Don't be picky.
  • BIOS Fix? (Score:4, Insightful)

    by slashnik (181800) on Friday February 17, 2006 @10:59AM (#14742055)
    From TFA

    Microsoft outlined a fix that involved modifying the registry key for USB 2.0. However, since then the company has realized that this is an impractical fix for most users, and is working on a new fix that could involve a BIOS update patch


    What! Microsift to patch the BIOS
    Not on my notebook
    • Because a BIOS patch is much more pratical for most users? I get annoyed just by having to use a floppy drive to update my BIOS.
      • Bios flashing can be done live on Windows nowadays.
        • Only on some systems...

          But this becomes useless if the old boot-floppy method gets removed as a result, what if you have another os installed? Or you need the bios update before windows will run?

          Bios updates should be useable from multiple types of bootable media, cd, usb, floppy etc...

          Or the bios itself should have an update function, whereby it can read a FAT or iso9660 filesystem from USB, floppy, CD or HD and open the appropriate update program... DEC's AlphaBios did this very nicely, and giving someone
        • Technically, I can do a live update from Windows. But Asus doesn't seem to care enough to write decent software, as it does not recognize that mine is an Asus brand.
    • Re:BIOS Fix? (Score:5, Insightful)

      by gstoddart (321705) on Friday February 17, 2006 @11:12AM (#14742147) Homepage
      Microsoft outlined a fix that involved modifying the registry key for USB 2.0. However, since then the company has realized that this is an impractical fix for most users, and is working on a new fix that could involve a BIOS update patch

      What! Microsift to patch the BIOS
      Not on my notebook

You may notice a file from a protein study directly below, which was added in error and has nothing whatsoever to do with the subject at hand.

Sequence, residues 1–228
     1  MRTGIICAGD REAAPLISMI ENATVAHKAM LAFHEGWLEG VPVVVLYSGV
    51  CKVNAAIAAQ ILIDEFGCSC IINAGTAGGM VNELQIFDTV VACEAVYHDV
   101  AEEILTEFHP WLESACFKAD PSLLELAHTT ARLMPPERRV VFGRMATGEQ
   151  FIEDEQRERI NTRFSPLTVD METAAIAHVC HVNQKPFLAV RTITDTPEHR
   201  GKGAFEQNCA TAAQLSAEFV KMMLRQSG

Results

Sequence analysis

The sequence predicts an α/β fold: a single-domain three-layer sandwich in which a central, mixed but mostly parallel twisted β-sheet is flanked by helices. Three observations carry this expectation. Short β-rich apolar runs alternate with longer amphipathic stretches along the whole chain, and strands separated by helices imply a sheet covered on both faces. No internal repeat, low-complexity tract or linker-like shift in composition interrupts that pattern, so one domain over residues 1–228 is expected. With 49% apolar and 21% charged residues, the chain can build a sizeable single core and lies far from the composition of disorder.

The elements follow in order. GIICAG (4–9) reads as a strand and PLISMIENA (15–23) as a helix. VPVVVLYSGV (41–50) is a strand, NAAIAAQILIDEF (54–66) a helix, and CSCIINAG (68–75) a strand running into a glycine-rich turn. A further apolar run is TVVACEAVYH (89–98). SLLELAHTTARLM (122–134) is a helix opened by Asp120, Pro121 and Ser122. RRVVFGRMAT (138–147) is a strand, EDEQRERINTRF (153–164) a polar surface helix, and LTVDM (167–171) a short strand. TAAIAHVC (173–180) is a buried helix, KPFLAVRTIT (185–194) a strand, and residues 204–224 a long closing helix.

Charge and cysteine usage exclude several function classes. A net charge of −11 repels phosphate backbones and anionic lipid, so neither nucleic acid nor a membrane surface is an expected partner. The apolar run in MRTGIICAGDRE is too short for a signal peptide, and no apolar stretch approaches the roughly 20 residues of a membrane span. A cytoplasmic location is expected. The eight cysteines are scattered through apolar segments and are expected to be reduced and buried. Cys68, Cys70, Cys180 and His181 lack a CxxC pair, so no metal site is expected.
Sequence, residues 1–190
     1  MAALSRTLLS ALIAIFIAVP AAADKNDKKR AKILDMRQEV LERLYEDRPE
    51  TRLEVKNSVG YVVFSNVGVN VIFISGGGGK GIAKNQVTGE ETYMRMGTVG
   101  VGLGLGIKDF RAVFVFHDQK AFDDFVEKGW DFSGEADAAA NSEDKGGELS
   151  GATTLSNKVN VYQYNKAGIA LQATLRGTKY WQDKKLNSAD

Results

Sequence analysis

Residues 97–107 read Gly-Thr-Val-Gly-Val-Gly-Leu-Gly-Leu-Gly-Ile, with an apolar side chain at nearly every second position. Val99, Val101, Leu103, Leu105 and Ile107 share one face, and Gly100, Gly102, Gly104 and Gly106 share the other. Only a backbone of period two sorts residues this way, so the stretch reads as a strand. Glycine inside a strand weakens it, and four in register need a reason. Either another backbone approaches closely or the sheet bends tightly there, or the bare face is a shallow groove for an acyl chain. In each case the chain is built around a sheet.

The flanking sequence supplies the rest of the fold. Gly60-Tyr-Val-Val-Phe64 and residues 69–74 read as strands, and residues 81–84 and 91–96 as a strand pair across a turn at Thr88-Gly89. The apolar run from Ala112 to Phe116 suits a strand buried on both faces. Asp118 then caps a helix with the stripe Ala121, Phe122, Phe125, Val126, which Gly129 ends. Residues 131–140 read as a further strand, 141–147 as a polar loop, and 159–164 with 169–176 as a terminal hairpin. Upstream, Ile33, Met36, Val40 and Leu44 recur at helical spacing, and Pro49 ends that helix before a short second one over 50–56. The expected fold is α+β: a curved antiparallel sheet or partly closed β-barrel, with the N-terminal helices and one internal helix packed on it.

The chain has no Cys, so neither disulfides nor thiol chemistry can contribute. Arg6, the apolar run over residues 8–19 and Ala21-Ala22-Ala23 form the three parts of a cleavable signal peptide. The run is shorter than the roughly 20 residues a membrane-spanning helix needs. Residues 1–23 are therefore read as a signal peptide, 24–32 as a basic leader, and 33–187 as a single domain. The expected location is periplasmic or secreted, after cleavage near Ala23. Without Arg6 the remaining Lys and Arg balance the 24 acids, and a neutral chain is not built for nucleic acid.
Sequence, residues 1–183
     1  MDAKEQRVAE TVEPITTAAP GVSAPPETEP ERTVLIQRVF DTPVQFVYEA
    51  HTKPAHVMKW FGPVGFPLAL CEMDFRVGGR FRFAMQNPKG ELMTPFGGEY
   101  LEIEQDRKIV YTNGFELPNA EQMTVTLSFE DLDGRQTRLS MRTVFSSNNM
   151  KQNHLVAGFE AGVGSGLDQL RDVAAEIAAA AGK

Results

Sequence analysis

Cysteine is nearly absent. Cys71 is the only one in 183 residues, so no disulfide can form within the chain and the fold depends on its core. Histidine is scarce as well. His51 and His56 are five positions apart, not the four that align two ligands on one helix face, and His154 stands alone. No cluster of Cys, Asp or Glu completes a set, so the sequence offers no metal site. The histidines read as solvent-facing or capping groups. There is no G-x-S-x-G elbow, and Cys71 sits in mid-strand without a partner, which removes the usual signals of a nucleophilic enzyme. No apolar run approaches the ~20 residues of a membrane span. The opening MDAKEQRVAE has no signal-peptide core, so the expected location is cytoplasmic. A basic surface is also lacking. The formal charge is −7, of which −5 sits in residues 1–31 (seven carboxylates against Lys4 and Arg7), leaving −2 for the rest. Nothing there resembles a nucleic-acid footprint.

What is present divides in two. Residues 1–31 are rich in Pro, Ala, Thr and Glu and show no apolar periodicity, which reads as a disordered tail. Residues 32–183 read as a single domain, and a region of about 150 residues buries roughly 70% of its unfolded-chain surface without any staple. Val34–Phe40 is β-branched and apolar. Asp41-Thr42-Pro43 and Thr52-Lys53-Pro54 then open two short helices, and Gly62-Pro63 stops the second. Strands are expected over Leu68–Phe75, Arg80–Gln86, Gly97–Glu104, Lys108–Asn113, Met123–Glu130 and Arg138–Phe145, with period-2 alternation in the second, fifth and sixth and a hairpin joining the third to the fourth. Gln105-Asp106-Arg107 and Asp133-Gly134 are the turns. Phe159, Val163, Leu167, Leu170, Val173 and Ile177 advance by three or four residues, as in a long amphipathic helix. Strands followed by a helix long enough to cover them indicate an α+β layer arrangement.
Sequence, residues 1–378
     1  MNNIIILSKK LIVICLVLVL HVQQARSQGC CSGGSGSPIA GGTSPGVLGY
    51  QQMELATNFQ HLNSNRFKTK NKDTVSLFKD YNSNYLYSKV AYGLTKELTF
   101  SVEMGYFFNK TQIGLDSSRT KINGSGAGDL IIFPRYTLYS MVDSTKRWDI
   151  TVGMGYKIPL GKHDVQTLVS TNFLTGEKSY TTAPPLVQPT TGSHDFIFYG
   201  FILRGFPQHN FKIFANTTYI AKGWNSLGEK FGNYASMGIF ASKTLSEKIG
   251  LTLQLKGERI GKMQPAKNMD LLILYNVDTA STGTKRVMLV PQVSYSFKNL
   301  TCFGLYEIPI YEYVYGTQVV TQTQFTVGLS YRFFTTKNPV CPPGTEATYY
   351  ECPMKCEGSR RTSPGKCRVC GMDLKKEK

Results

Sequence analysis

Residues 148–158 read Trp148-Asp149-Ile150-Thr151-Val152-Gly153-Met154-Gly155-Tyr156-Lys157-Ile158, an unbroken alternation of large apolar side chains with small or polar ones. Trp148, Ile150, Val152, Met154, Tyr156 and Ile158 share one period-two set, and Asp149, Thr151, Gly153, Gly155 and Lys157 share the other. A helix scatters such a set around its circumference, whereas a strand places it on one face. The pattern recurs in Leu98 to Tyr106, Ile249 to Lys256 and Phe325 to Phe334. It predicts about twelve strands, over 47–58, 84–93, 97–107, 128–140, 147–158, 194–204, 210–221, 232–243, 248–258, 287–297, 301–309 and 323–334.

Indeed. Microsoft can easily patch their own friggin' registry monstrosity.

      Patching the BIOS of the machine is an outrageously bad suggestion, and a bad precedent.

      How long before MS patches everyone's BIOS into oblivion or DRM hell?
    • Re:BIOS Fix? (Score:2, Informative)

      by ecuador_gr (944749)
      Ok, I might be overboard here, but something does not feel right. MS does confirm that it is their usb driver's fault, but a possible solution would be a BIOS upgrade??? How is not a Windows update able to fix an MS driver bug?
      But if it is not really a driver bug, as the BIOS statement would indicate, why on earth would MS cover for anybody?

      It does not make sense! If Chewbacca lives on Endor, you must acquit!
      • Well, the actual transition between power states is controlled by both the OS and the BIOS. We also have the interesting fact that the actual time spent in C3 is reported incorrectly by the common way to do it in Windows. This is highly hypothetical, but it would be possible that some code checks "am I running in C3 now, if so, poll less extensively" and that the BIOS is responsible for reporting the C3 state incorrectly.
        • Again, if the BIOS implements power saving "as it should", meaning that other OS's with properly implemented drivers don't exhibit the same problem, then we would not have to update the BIOS.
    • and is working on a new fix that could involve a BIOS update patch

      Try parsing that this way: "and is working on a new fix that could require a BIOS update patch from the vendor".

      What! Microsift to patch the BIOS
      Not on my notebook


      You and Bill need to have a sit-down about whose notebook that is. See section 23.4.2 of the XP EULA.
  • So predictable. (Score:4, Interesting)

    by twitter (104583) on Friday February 17, 2006 @11:04AM (#14742093) Homepage Journal